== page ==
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Expanding on this concept, Lora Johnson (known as Shane Johnson at the time) wrote and illustrated Star Trek Mr. Scott’s Guide to the Enterprise.  In its pages can be found coverage of the post-refit USS Enterprise from the viewpoint of the ship’s chief engineer.  It was first printed and published by Pocket Books in 1987.


Then came the Star Trek: The Next Generation Technical Manual, written by Rick Sternbach and Michael Okuda and published in 1991 by Pocket Books (God bless ’em!).



Of course, Rick was Senior Illustrator and Mike was Scenic Art Supervisor during the show’s seven-season run, so not only did they have access to hours of on-screen proofs, they had established most of the background information themselves.

Their technical manual is outstanding in that it uses broad strokes to establish just enough believability, while avoiding the superfluity that breaks that illusion.   It is laid out like the space shuttle technical manual, with diagrams to illustrate key concepts.   I still read it today, admiring its style and enjoying my favorite starship described in a way that pulls together all I’ve seen of it on the show.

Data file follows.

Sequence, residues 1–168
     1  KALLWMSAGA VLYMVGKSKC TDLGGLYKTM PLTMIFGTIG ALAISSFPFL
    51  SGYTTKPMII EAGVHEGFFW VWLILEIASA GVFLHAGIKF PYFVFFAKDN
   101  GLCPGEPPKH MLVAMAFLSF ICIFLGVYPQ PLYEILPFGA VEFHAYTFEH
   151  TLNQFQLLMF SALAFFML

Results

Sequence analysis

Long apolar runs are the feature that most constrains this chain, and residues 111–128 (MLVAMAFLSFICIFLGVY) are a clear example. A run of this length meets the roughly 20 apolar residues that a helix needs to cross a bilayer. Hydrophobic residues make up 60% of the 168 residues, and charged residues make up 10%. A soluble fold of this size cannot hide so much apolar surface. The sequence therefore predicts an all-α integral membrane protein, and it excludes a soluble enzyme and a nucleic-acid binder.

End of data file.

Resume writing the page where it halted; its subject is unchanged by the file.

The Aliens: Colonial Marines Technical Manual (written by Lee Brimmicombe-Wood and published in 1995 by Boxtree Ltd.) is the first reference manual of its kind for the Alien universe, and there was a lot to cover.  Lee pulled it off with style.  The text and diagrams within fill in the blanks for fans of the Colonial Marines, their gear, and vehicles.  It showed us not only what we had seen in the movie, but other in-depth extrapolations into the operations of the Corp.  And he even managed to devote a bit of space to the Nostromo , giving the ship a broader context in which to exist.

And also in the mix is this relic from the past:

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This is a screen grab of the web-mastery of one Ray Fincham (c. 1996), whose ALIEN Legacy website brought together information from the Aliens: Colonial Marines Technical Manual and some info on the cultural influences whose subtexts weave throughout the film.